UK’s EV transition offers great opportunity as well as challenge

Zemo’s Neil Wallis, Head of Communications, and Jonathan Murray, Policy & Operations Director, discuss the agenda of the EV Energy Taskforce and the electrification of road transport

So, the landmark COP26 climate conference in Glasgow has come and gone. While the science is demanding even more rapid response, climate-focused action is firmly on the agenda in the UK and worldwide.

The electrification of our road vehicle fleet is a key focal point for climate action; one of the brightest stars in the firmament in terms of UK Government policy. Indeed, ‘Transport Day’ at the COP was headlined by the UK’s ground-breaking announcement that all vehicles sold for operation on UK roads after 2040 will produce zero emissions at the tailpipe. The news followed the UK’s commitment – made earlier this year - to phase out all cars and vans with tailpipe emissions from 2035 (and those without ‘significant zero emissions range’ from 2030).

The electrification of the UK’s car and van fleets is well under way already. In the year to September 2021, over 16 per cent of new car sales had a plug attached (9.6 per cent BEV – battery electric vehicles – and 6.6 per cent PHEV – Plug-in hybrid vehicles) . There are signs that sales of fully electric vehicles are pulling away from PHEVs, suggesting a growing confidence on the part of users in the vehicles and infrastructure available to support them.

While the UK market for electric cars and vans has taken off and – judging by the many commitments of support from both manufacturers and public authorities – it now appears to have unstoppable momentum, the same is not yet true of heavy commercial and longer-range vehicles. Range, weight and payload challenges have not yet been resolved in terms of the electrification of some commercial vehicles and coaches and the jury is still out in terms of which technology will dominate the future in some niches.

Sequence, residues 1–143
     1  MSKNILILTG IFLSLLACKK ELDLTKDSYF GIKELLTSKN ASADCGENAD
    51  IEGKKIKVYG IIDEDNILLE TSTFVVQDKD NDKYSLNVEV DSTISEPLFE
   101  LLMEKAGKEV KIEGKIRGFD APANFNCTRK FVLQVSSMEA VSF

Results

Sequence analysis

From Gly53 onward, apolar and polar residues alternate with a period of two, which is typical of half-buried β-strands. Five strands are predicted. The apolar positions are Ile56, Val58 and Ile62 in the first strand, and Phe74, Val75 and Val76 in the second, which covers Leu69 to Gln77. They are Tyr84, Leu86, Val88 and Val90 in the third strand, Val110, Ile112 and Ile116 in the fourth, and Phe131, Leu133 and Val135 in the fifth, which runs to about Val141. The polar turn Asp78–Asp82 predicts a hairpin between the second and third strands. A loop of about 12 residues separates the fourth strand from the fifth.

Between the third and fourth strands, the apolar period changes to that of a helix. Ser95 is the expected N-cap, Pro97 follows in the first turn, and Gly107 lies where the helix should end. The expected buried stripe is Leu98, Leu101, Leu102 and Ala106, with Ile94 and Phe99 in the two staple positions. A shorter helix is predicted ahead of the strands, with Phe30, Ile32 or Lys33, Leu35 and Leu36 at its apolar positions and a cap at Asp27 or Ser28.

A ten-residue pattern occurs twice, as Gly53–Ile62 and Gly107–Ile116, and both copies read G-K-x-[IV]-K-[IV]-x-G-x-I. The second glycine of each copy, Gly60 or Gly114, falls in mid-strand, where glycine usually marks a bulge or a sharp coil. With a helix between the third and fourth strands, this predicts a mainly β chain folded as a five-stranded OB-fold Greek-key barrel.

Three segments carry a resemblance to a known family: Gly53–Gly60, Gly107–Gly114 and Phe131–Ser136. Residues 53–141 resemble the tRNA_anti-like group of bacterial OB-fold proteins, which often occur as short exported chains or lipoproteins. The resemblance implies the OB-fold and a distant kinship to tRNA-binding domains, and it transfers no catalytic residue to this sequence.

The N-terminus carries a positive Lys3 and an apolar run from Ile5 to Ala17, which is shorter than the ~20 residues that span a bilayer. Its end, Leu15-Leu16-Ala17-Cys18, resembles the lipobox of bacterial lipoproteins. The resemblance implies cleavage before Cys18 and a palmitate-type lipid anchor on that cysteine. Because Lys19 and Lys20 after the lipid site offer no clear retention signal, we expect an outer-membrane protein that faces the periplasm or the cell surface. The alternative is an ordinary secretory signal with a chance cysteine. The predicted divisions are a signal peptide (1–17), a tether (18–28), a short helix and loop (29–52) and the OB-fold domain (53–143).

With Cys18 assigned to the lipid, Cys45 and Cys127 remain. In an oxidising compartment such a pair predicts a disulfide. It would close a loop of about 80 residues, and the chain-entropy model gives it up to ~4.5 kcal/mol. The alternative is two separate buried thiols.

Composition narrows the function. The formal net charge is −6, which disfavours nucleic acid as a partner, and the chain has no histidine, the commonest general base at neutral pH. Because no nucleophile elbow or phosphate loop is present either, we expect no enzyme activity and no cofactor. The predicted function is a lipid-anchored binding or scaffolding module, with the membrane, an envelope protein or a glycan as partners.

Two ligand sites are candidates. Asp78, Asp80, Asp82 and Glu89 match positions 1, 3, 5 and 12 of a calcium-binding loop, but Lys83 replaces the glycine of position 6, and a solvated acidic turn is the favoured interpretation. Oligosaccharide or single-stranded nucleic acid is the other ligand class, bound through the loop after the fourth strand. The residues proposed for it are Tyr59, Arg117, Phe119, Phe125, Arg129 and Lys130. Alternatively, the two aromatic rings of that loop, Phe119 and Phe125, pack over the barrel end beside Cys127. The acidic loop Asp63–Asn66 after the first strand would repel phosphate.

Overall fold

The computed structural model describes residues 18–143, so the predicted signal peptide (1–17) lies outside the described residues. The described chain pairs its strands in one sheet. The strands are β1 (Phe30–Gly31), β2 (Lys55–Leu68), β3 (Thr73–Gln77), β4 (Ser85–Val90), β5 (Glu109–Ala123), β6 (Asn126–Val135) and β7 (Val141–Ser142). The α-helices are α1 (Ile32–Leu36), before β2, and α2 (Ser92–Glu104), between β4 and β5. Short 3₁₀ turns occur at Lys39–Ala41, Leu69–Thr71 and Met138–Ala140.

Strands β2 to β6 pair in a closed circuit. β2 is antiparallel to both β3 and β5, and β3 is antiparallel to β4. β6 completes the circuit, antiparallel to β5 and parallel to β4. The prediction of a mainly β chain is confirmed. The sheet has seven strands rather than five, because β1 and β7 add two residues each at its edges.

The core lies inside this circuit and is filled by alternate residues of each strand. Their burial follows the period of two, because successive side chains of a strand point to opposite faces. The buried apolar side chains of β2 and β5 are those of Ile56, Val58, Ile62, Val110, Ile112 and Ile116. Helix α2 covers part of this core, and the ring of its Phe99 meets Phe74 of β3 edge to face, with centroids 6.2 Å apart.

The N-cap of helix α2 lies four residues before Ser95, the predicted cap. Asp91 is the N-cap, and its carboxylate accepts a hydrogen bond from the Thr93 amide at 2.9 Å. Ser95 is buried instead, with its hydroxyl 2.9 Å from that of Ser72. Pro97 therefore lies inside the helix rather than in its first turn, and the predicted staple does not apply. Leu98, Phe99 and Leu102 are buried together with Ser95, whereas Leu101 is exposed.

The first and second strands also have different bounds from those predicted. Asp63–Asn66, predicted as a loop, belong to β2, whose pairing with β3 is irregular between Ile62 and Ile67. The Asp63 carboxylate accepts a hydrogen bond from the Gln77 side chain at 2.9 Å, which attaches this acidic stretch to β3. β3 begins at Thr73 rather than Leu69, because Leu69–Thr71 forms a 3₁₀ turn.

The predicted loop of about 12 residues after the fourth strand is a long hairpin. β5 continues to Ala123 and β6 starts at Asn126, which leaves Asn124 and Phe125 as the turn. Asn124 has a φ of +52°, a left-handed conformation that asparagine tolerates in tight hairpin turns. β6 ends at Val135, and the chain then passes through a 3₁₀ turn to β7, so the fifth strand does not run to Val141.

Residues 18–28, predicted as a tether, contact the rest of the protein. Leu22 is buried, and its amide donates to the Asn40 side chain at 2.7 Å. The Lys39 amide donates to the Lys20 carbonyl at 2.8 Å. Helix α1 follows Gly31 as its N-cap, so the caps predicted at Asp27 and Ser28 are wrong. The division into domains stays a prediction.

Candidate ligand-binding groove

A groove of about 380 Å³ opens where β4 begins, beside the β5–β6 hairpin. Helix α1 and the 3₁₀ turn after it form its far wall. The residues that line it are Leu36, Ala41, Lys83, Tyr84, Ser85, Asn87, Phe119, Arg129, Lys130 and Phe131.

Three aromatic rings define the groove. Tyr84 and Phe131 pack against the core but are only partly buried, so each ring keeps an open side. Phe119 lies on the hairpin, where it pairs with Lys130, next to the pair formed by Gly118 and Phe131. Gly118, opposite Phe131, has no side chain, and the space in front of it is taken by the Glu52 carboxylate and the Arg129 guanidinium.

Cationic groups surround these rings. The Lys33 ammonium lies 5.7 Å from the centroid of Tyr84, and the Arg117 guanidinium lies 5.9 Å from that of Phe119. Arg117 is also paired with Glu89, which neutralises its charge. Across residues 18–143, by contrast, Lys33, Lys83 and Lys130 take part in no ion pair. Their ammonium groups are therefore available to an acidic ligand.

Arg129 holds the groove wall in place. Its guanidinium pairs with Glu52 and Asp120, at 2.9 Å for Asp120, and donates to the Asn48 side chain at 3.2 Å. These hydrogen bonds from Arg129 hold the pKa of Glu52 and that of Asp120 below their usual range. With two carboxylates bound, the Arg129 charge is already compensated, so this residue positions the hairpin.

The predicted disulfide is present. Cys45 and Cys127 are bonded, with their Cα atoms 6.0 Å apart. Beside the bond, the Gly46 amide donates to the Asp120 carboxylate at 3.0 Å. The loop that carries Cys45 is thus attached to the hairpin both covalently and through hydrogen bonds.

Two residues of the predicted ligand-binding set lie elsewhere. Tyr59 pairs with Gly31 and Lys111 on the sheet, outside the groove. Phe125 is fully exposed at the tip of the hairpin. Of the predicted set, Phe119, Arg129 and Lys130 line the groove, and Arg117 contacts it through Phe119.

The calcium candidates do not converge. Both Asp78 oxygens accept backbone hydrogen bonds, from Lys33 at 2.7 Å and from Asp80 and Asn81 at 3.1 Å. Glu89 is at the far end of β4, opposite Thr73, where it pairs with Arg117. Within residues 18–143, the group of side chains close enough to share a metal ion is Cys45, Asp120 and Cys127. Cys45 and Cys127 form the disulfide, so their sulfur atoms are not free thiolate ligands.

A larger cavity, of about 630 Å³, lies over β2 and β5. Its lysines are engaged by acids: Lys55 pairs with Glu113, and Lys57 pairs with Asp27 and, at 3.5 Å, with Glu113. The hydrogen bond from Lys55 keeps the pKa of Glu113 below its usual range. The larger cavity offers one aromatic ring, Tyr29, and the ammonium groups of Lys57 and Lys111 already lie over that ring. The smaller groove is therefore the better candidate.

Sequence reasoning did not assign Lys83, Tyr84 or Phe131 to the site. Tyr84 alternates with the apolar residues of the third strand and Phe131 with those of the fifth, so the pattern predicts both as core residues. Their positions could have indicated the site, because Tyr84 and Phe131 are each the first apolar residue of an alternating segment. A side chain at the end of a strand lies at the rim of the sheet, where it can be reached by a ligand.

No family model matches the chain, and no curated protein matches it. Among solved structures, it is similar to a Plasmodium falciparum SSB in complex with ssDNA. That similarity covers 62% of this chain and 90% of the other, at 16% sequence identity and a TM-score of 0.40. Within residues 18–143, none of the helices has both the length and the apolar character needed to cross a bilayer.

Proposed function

The future of PHEVs
However, there has been significant progress towards the electrification of urban and shorter range vans and commercial vehicles and a growing range of product now available. Progress in battery weight, size and costs may yet see the technology become virtually ubiquitous across road transport.

For cars and vans, there remains an active debate about the purpose of PHEVs and to what extent hybrid technology will be required after 2030. The government has yet to finalise the details of the 2030-35 requirement in terms of zero emissions range that will help to determine the future for PHEVs over that time period but it’s conceivable that vehicle and battery technology (and, critically, the supporting recharging infrastructure) may have advanced sufficiently to render the question mostly theoretical. (Zemo Partnership is active in this space, currently running a project focused on increasing utilisation of batteries in PHEVs to help ensure they are used in a more optimal way than some reports have suggested to date.)  

So, with some caveats, the electrification of road transport is now well under way in the UK and attention has already turned to the implications for the electricity network and the necessity of bringing energy industry stakeholders together with their motor industry counterparts in ways that have not hitherto been the case.

It’s clear that there are high stakes here and significant opportunities if we manage the transition well. Power generation is rapidly decarbonising and, already, there are occasions when the UK even enjoys a surplus of capacity over demand. The intermittent nature of renewable energy generation can be a great complement to the arrival of large scale energy storage in the form of vehicle batteries, drawing power when there’s a surplus and releasing it for other uses when there’s higher demand. It’s clear that there are great opportunities if we’re smart in the way we manage the introduction of recharging infrastructure.

The electrification of our domestic and (some) commercial heating systems alongside the electrification of transport provides further opportunities (and challenges).